I love how Justin Ariel Bailey (who wrote Reimagining Apologetics: The Beauty of Faith in a Secular Age notes that Chatraw and Allen “calls us to recenter the local congregation and to renew the polluted cultural ecosystems where we live.”  He explains how it offers not merely a sophisticated plan to control a conversation (or win an argument) but offers,

“A more excellent way: a non anxious posture of persuasion that is critical and contrastive, intellectual and imaginative, humble and hopeful.”

Guerrillas of Grace: Prayers for the Battle 40th Anniversary Edition Ted Loder (with art by Ed Kearns) (Fortress Press) $19.99  OUR SALE PRICE = $15.99

Ahh, I recall selling this at a UCC event when FOMOG (First United Methodist Church of Germantown) pastor Ted Loder presented maybe 35 years ago; it was a different publisher but we were enamored by his deep prayer language, his poetic cadence, his rich vocabulary, his honest, public theology, his passion for the poor and for inclusive and justice. There was, as there is now, a lovely blurb on the back by Robert Raines, then director of Kirkridge Retreat Center.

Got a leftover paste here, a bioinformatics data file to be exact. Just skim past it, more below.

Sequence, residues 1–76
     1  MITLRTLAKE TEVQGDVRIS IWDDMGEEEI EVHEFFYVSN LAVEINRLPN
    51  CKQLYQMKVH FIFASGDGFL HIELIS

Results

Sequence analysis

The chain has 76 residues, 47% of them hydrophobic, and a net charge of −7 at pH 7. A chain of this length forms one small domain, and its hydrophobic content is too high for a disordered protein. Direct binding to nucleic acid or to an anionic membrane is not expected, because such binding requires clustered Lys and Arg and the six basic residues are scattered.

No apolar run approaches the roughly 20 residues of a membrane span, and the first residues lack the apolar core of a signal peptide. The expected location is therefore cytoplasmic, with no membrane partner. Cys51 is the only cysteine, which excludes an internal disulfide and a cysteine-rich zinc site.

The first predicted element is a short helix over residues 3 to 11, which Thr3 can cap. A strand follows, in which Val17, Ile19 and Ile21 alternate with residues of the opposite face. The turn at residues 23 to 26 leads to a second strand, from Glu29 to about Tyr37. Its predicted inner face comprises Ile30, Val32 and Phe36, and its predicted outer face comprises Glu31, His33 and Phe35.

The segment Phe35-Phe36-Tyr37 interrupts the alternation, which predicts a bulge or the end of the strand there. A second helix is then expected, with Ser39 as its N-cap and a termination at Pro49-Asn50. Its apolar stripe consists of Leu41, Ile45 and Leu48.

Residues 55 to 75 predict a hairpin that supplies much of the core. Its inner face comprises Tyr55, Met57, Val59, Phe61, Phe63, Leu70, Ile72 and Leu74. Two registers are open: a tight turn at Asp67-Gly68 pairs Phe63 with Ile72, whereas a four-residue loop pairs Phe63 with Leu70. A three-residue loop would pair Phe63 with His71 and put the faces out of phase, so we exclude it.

These prayers are “tough and beautiful” — earthy. They are honest and intimate. The old Provident Book Finder (a Mennonite review) said the free verse prayers are “complemented by abstract art that invites participation. These modern-day psalms are sometimes jolting in their colloquialism and other times moving in their sublimity.” The St Anthony Messenger noted that these prayers can be so savored (and shared) because they were “blended with penetrating honesty.” Hooray for this new edition.

Activist, scholar, pastor, and writer, Rev. Dr. Theodore W. Loder died in Philadelphia in 2021 at age 90.

Natality: Toward a Philosophy of Birth Jennifer Banks (Norton) $27.95  OUR SALE PRICE = $22.36